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7 Sites That Make Programming For Kids Fun

7 Sites That Make Programming For Kids Fun
A recent Ted Talk featuring the charismatic 6th grade programmer Thomas Suarez has shown that programming is a skill that can be learnt at any age. With the huge number of sites and products dedicated to programming for kids, there has never been a better time to get your class coding. Statistics from the Survey of Graduate Enrollment and Degrees have shown that only 4.1% of master’s degrees awarded in 2009 were in Mathematics and Computer Science. This is concerning as many of today’s fastest growing professions are in related disciplines. With this need for programmers growing everyday, here are seven sites that focus on programming for kids and will encourage, nurture and ignite the coding spark for your students. 1. Aimed at students aged 8-16 years old, Scratch is one of the best ways to take the first leap into programming. 2. Alice is a 3D programming environment that allows students create animations, interactive games, or videos to share on the web. 3. 4. 5. 6. 7. 8.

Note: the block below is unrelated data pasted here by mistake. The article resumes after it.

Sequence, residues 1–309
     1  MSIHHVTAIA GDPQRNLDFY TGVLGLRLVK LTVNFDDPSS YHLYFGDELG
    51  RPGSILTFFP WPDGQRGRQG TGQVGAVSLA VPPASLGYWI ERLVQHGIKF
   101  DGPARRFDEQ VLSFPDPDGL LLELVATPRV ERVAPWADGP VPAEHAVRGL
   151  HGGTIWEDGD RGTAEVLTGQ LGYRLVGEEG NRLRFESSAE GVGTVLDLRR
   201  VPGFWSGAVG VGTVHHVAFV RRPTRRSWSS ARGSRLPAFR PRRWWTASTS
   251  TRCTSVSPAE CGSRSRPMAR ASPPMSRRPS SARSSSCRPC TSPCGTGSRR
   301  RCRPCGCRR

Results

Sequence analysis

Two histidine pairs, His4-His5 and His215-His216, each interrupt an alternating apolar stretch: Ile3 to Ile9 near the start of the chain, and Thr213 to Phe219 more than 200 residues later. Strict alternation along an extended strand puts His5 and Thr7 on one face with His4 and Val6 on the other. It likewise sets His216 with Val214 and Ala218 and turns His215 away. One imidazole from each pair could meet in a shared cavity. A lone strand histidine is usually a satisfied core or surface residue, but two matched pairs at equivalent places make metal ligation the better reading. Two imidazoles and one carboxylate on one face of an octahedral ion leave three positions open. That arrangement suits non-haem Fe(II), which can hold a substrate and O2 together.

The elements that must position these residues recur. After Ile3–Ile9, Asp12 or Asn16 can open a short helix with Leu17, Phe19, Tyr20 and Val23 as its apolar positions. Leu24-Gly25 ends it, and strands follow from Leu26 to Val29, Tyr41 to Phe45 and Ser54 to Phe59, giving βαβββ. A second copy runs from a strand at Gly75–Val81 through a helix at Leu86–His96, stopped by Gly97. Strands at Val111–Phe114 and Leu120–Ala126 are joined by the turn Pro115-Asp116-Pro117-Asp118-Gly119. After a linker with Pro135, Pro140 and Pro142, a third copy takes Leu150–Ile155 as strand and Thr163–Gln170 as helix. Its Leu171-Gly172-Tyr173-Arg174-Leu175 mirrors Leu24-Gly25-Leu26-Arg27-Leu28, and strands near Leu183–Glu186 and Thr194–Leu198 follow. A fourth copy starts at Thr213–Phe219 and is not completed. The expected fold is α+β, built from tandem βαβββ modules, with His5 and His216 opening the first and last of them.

http://www.fractuslearning.com/2011/12/14/programming-for-kids/

Related:  Coding for KidsLearn to Program (in general)